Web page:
A proposal to appoint four new members to Jacksonville’s Planning Commission will be considered at next week’s City Council meeting, Florida Politics has learned. The moves comes despite two of the members slated for replacement have not yet resigned.
The situation will likely dismay and inflame critics of the Lenny Curry administration’s board appointment policy.
The new members are Donald Marshall Adkisson, who new Curry spokeswoman Marsha Oliver says has decades of experience in land-use issues; Nicole Padgett, who has experience construction business; Ben Davis, owner of local brewery Intuition Ale Works; and Abel Harding, a bank executive and former communications director for Mayor Alvin Brown.
Two are slated to replace Laura Dietrich, who has resigned, and Nate Day, who is termed out.
The two panel members slated for replacement but who haven’t formally resigned are Joey McKinnon, a prominent local Democrat, and Lisa King, a Democratic City Council candidate who received supported from the Jacksonville Chamber and other pillars of the business community.
King’s removal brought forth criticism from Councilman Tommy Hazouri, who has taken issue with many of Curry’s decisions to remove board appointees in the middle of their terms. “How long does that continue? ‘One City, One Jacksonville’ is becoming a farce,” Hazouri said Tuesday. He said removing active Democratic board members is “detrimental to good government.”
“Some of the smartest people in Jacksonville,” the former Democratic mayor said, are being removed from boards.
“It’s undermining the system to take them off of boards,” continued Hazouri, who likened such removals to almost a “double dare” to people outside of the Republican establishment to question them.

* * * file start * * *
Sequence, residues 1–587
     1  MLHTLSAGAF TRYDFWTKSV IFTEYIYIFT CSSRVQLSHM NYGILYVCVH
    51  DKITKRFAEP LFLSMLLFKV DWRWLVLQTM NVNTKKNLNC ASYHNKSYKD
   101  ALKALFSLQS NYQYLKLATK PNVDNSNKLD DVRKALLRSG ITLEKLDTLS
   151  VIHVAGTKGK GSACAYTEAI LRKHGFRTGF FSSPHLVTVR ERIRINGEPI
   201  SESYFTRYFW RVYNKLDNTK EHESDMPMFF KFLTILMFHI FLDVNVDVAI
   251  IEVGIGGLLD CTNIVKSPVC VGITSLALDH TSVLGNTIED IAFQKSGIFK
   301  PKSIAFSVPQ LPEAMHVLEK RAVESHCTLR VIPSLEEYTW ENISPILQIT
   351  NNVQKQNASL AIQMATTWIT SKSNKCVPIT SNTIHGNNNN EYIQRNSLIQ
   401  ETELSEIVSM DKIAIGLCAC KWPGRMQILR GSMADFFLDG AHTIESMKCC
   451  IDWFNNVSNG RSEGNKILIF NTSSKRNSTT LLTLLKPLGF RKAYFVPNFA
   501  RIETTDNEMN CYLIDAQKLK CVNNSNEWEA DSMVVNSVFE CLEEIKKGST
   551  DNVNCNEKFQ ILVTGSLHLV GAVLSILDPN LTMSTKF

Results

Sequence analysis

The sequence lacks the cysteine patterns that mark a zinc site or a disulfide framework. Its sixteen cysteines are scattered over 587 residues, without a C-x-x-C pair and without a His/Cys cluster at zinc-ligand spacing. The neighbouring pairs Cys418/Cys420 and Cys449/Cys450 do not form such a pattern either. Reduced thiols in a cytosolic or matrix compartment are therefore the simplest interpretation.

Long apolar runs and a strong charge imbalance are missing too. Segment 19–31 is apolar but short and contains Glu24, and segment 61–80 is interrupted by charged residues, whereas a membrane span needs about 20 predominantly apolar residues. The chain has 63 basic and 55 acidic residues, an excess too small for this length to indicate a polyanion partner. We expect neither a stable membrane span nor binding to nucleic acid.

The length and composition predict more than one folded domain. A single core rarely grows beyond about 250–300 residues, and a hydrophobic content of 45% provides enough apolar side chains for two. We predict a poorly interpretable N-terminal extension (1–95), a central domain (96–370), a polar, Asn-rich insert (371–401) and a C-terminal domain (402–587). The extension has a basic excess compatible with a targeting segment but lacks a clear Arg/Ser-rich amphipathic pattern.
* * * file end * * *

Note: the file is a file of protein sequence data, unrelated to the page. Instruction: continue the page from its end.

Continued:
“Mr. Mayor, you’ve got to walk the walk,” Hazouri said, regarding the unity theme of One City, One Jacksonville.
Hazouri and others have encouraged King to fight her dismissal. However, Oliver contends that the Curry administration stands by its decision to make these moves.
“Leadership matters,” said Oliver, and “boards and commissions are a big part of that.”
To that end, Oliver said the administration aims to bring in leaders with specific skills and talents to pursue its priorities and goals, including creating a culture and environment that are more business friendly.
“Appointments serve at the pleasure of the mayor,” Oliver said, echoing statements made by senior staff members that such decisions are made by administration consensus and are consistent with Curry’s pledge to bring dynamic movement to City Hall.
King, who has council allies, theoretically could fight her removal. As well, it seems less hypothetical that Hazouri, or perhaps Councilman John Crescimbeni (who endorsed King during her council run), might make an issue of the latest moves.
We have asked King and McKinnon to comment, and updates will be provided as warranted.